Southeast Saskatchewan got hammered by a blizzard on the weekend.
While there are a number of very high drifts, including some that were posted to social media that covered up entire doors, or were up to rooftops in some cases, the actual amount of snow we saw in the Weyburn area was much less than that.
“Based on the volunteer observations that we have and looking at radar, it looks like it was anywhere from about 20 to 25 centimetres of snow,” said Terri Lang, a meteorologist with Environment and Climate Change Canada.
She pointed out that while some people may think we received a lot more snow because of the size of the drifts, those were caused entirely by the wind moving snow that fell elsewhere, and then piling up against various windbreaks.
The winds whipped upwards of 80 kilometres an hour at times during the height of the blizzard, which greatly reduced visibility not only on the highways but within the City of Weyburn as well.
After the system passed over, there was a bit of a colder spell, but Lang said we could see some above-average temperatures this week.
“We’re getting more warmth from the south so those really deep Arctic temperatures are very hard to get at this time of year,” she said. However, it doesn’t mean that we are out of the woods yet, especially when it comes to the snow.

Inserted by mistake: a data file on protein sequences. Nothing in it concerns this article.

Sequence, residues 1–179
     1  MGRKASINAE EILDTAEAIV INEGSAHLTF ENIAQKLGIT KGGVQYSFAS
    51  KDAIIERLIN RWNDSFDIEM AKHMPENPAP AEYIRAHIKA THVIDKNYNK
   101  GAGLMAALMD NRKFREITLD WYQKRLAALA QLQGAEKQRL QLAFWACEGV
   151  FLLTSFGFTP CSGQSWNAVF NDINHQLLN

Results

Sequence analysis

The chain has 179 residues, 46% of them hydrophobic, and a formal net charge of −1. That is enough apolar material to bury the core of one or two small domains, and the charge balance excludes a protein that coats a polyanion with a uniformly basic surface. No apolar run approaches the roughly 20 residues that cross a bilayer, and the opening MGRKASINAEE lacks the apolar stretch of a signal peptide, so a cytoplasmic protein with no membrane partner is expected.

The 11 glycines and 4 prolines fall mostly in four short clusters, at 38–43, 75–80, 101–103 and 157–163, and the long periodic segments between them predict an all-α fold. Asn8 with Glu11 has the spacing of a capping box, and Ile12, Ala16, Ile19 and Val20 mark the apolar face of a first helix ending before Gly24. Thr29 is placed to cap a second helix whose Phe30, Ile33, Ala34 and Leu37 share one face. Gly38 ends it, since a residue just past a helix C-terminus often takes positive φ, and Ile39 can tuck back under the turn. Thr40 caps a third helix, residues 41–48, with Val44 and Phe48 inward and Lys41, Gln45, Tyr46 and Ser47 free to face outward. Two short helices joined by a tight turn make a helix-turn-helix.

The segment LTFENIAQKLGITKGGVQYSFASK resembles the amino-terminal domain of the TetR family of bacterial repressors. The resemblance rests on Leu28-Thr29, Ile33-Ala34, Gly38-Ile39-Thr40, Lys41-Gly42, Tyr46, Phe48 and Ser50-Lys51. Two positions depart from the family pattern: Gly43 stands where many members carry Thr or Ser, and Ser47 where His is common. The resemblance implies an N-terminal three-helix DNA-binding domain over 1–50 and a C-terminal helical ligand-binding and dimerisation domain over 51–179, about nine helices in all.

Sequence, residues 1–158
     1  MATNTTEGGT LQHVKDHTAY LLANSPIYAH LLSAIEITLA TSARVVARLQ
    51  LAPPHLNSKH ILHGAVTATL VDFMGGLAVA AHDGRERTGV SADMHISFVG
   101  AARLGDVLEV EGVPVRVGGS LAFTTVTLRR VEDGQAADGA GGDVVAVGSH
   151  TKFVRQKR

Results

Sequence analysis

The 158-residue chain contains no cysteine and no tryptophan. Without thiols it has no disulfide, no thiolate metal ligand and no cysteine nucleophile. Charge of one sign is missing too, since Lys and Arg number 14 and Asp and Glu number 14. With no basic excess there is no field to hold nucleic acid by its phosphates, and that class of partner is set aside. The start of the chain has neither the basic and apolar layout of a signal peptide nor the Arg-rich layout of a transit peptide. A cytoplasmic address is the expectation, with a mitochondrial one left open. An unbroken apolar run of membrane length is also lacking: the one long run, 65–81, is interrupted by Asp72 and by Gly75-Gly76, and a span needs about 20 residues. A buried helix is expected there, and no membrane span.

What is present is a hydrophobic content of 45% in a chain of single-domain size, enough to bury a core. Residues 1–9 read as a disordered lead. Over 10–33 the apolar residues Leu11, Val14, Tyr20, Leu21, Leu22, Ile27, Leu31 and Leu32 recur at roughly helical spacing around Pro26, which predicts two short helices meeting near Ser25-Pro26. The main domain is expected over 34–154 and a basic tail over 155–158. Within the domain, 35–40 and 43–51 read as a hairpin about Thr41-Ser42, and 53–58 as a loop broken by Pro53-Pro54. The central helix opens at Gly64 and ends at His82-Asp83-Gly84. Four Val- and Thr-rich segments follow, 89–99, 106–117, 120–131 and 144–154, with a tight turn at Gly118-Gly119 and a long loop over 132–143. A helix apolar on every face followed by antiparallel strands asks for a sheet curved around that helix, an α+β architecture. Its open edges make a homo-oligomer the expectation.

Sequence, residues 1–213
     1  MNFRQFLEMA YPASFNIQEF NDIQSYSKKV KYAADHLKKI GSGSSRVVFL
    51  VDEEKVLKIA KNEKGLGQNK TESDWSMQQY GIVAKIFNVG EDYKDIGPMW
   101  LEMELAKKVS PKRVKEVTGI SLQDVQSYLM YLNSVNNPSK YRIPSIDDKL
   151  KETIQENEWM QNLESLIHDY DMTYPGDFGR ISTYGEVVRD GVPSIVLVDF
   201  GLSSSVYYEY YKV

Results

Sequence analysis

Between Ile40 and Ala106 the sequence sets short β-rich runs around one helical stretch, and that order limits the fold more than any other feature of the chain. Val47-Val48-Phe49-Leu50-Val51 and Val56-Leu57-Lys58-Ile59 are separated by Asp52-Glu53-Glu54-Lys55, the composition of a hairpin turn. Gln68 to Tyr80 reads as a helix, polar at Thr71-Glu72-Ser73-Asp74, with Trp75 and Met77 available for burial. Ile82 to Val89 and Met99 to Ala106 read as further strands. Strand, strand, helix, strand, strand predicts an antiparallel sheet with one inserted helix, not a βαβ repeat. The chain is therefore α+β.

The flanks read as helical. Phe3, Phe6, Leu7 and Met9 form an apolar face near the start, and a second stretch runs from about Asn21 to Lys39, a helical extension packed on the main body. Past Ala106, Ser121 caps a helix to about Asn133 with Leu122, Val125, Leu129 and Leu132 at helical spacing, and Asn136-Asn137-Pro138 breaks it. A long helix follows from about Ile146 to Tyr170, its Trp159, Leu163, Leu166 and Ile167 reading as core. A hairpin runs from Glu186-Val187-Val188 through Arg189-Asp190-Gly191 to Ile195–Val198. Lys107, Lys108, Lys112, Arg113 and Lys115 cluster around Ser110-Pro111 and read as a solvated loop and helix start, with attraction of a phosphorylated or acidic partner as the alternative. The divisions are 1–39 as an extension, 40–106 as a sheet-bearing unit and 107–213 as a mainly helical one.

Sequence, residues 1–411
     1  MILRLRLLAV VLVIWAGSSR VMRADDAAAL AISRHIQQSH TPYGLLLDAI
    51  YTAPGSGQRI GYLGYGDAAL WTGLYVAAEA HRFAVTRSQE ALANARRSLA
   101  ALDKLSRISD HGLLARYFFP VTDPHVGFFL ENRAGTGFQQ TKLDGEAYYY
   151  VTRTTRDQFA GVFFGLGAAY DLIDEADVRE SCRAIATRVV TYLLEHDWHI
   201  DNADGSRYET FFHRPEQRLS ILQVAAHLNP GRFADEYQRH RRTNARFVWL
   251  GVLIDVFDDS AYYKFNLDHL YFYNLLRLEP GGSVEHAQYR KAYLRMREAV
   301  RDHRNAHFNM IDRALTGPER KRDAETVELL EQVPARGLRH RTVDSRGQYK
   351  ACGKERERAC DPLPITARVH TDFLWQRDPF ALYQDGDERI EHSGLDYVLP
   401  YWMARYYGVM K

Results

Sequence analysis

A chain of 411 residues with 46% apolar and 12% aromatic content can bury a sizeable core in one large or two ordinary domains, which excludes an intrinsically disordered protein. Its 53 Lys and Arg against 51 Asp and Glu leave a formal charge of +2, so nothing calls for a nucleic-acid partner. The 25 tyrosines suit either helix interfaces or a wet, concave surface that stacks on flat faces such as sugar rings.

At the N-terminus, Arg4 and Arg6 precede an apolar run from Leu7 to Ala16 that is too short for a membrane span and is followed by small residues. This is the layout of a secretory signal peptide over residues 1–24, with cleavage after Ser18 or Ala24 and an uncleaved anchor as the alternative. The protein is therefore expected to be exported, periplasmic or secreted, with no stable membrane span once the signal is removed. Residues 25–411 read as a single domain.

March and April are traditionally the months that see the greatest snowfall accumulation in the Weyburn area. This is in part due to the warmer temperatures, which can hold a lot more moisture than when the mercury dips down to -20°. We could even see more precipitation before we get to the end of the week, as well.
“We’re keeping an eye on one weather system that’s moving through Montana, or a similar path to what we had this past weekend, that may bring some snow,” Lang forecasted. “However, we are seeing some of the weather models are starting to bring it a little farther south.”
The forecast currently does show a chance of some snow falling in the region as early as Thursday.